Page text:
EVE KOSOFSKY SEDGWICK

RESOURCES CONFERENCES

Tales of the Avunculate: Queer Tutelage in The Importance of Being Earnest
Ben Nichols

I want to start, not with Tendencies, but with the text whose work it continues: that is, Sedgwick’s Epistemology of the Closet and in particular its opening paragraph. Often cited, and doubtless familiar to many here, that opening posits that “[A]n understanding of virtually any aspect of modern Western culture must be, not merely incomplete, but damaged in its central substance to the degree that it does not incorporate a critical analysis of modern homo/heterosexual definition”.(1)1) Eve Kosofsky Sedgwick, Epistemology of the Closet (Berkeley: California University Press, 1990), 1.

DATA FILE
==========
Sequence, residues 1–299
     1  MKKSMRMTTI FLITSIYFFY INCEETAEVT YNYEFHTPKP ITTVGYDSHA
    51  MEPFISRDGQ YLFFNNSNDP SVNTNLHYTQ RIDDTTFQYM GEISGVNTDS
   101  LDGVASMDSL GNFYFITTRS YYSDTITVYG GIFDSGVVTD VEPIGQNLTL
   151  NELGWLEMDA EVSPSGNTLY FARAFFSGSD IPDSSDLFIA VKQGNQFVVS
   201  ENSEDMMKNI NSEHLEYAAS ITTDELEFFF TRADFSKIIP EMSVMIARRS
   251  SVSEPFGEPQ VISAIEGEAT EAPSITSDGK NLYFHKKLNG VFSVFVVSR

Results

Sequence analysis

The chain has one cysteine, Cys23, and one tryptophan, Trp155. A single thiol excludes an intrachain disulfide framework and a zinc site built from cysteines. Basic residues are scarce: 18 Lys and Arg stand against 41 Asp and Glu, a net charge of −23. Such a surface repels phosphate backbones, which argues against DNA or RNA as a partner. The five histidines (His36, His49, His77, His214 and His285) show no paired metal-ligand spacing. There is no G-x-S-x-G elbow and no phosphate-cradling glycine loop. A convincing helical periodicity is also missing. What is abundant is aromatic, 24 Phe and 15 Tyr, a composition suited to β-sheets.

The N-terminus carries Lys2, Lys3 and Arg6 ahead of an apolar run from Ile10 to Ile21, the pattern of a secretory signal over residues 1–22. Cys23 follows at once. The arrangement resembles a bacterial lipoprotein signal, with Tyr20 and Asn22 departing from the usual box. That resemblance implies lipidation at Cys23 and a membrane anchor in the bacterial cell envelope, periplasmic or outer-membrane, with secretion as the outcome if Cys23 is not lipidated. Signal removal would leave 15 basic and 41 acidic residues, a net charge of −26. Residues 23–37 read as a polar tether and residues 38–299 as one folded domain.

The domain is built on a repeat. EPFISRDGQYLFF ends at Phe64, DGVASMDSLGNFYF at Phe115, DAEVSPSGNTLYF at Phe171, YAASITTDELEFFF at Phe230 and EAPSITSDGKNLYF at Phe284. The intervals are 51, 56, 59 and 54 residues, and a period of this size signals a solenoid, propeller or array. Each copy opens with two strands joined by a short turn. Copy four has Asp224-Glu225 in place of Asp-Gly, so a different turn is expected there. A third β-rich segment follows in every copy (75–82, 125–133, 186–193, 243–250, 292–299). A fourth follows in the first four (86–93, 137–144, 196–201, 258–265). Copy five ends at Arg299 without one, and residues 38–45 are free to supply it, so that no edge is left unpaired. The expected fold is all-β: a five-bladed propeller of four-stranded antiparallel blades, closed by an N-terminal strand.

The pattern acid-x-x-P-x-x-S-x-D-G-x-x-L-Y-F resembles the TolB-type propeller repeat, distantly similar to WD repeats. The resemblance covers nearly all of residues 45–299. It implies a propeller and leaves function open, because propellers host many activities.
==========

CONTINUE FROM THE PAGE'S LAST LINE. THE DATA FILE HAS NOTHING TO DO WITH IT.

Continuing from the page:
On one hand, this suggests that there are many formations in Western epistemology that emerge simultaneously with the punishing homo/heterosexual opposition. Consequently, seemingly unrelated phenomena are imbricated with this sexual knowledge regime. Some of the knowledge structures Sedgwick turns her attention to in her work from this period include, for example, the privileging of the meaningfulness of speech over silence, understandings of addiction in terms of an opposition between voluntarity and compulsion, and strategies for figuring fatness or the fat body. The way culture manages knowledges around these issues, and even knowledges of knowledge itself (as in Sedgwick’s chapter on The Nun in Tendencies), is mixed up with the particular sexual dispensation in the modern west.